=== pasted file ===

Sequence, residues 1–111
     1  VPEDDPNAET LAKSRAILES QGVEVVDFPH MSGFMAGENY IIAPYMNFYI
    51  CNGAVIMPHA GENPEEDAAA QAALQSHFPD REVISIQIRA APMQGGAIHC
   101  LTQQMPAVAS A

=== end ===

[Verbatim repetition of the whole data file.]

Sequence, residues 1–111
     1  VPEDDPNAET LAKSRAILES QGVEVVDFPH MSGFMAGENY IIAPYMNFYI
    51  CNGAVIMPHA GENPEEDAAA QAALQSHFPD REVISIQIRA APMQGGAIHC
   101  LTQQMPAVAS A